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Principle Survival

We have friends on both sides of the aisle, and our enemies on one issue are our allies on another. And while we may compromise, we will hang onto our principles.

By  Joel Wood

More than 13 months from the mid-term congressional elections, it is impossible to predict the extent to which Democratic majorities in Congress will soften. It is even more difficult to predict what the implications for the insurance brokerage industry will be.

But every sign is that President Obama’s unreasonably stratospheric popularity ratings are sagging, and this has negative implications for congressional Democrats.

This is how Washington’s best, nonpartisan, political commentator, Charlie Cook, sees it: “Democrats can now assume that the charmed life they enjoyed in 2006 and 2008 is over. The wind, waves and tides, which were strong and at their backs in those elections, will, at best, be still in 2010. The chances of those forces being in their faces this time are rising.”

I’m 18 years into my job and still bragging that, while I have my own partisan leanings, the overwhelming majority of the issues I’ve worked on are not partisan. We get to work both sides of the aisle, and each issue—from regulatory reform, to terrorism insurance coverage, to natural catastrophe legislation, to tax issues—presents opportunities for working with conservatives, liberals, Republicans and Democrats alike.
Despite the sea change in Congress ushered in by President Obama and massive new Democratic majorities, life goes on as before. We’re still laboring to get our surplus lines reform legislation through, and we have great expectations that we’ll (finally) do so by the end of this session of Congress. We continue to push the envelope on broader regulatory reforms as well, hopeful that the ultimate systemic risk/financial re-regulation legislation will force-feed an agenda of harmonization and uniformity within the states.

On each of these concerns, we have friends on both sides of the aisle. We’re grateful, for example, for everything that Financial Services chairman Barney Frank, D-Mass., has done for surplus lines legislation. We’re happy that Sens. Chris Dodd, D-Conn., and Tim Johnson, D-S.D., have given “air time” to our issues in the Senate Banking Committee.

But the issue of healthcare reform has been uncomfortably partisan for us. We remain hopeful that Congress will pass legislation that meaningfully reduces costs and increases availability of coverage and quality of care. We are convinced that a laundry list of proposals (principally in the area of insurance market reforms coupled with an individual mandate) could be enacted on a relatively bipartisan basis. This could constitute comprehensive reform that President Obama could embrace and claim as his own.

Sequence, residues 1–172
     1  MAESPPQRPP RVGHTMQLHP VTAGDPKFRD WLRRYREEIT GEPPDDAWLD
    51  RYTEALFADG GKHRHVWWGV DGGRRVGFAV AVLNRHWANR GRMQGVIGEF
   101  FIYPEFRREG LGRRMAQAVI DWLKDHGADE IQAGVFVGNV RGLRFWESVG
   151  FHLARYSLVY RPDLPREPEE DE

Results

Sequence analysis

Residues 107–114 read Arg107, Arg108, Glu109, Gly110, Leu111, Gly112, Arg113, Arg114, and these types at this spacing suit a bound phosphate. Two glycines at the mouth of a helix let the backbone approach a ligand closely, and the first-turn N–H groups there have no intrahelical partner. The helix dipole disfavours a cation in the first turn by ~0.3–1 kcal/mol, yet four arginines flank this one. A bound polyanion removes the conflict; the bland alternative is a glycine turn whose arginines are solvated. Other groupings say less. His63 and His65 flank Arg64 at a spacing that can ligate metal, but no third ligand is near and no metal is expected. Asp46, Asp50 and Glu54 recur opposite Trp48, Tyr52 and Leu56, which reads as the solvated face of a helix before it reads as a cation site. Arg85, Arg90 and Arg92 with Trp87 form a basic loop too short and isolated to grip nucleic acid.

But there are multiple areas where the liberal majorities in Congress have demonstrated a tin ear to our concerns. The disastrous debate over the “public option” leads that list, but there have been more: rollbacks in flex-spending accounts and other options for employers and employees; burdens that undermine the employer-provided group health insurance marketplace; and a fairly ridiculous vilification campaign against health plans, which have been holding their fire throughout the year and pushing for constructive reforms. Most disappointing were the proposals that would have literally written brokers out of their role in offering services to Americans via the proposed insurance exchanges, with or without the public option.

The gratifying thing was that we proved that we were not without recourse. Thanks to key senators on the Senate Health, Education, Labor and Pensions Committee, we managed to change a provision regarding “navigators” that would have tilted exchange intermediation to activist groups like Acorn and away from brokers. Thanks to blue-dog Democrats (specifically, Rep. Charlie Melancon of Louisiana) on the House Energy and Commerce Committee, we were assured that the intermediation role of brokers would go on. This is small comfort if the ultimate legislation dramatically undermines the private group health insurance marketplace, but it is evidence that we still have stroke—even on issues that have become so partisan. We have many Democratic friends to turn to (such as Sen. Ben Nelson, D-Neb.), who have been there for us on our specific issues.

I could write a thesis on every issue whose dynamics would change, and how they would, under a Democratic Congress with significantly reduced majorities. (It is unthinkable at this writing that Republicans could regain control in 2010 in either chamber.)

On most of the issues, we’ll continue to move the dial in one direction or another, as we have for decades. As Groucho Marx once said: “These are my principles. If you don’t like them, I have other ones.” But on the issue of health insurance reform, we will long remember those who were there for us—and those who weren’t. It will define, to the highest degree, our political involvement in individual races.

We will always strive to be friends with every member of Congress. We’ll dust ourselves off if we’re not successful and charge back into any office for help, no matter where they’ve been on our issues. But we do have key principles when it comes to the role of the professional insurance broker in providing valuable services to clients and their millions of employees. As Henry Kissinger famously noted: “While we should never give up our principles, we must also realize that we cannot maintain our principles unless we survive.”

Wood is The Council’s SVP of Government Affairs.

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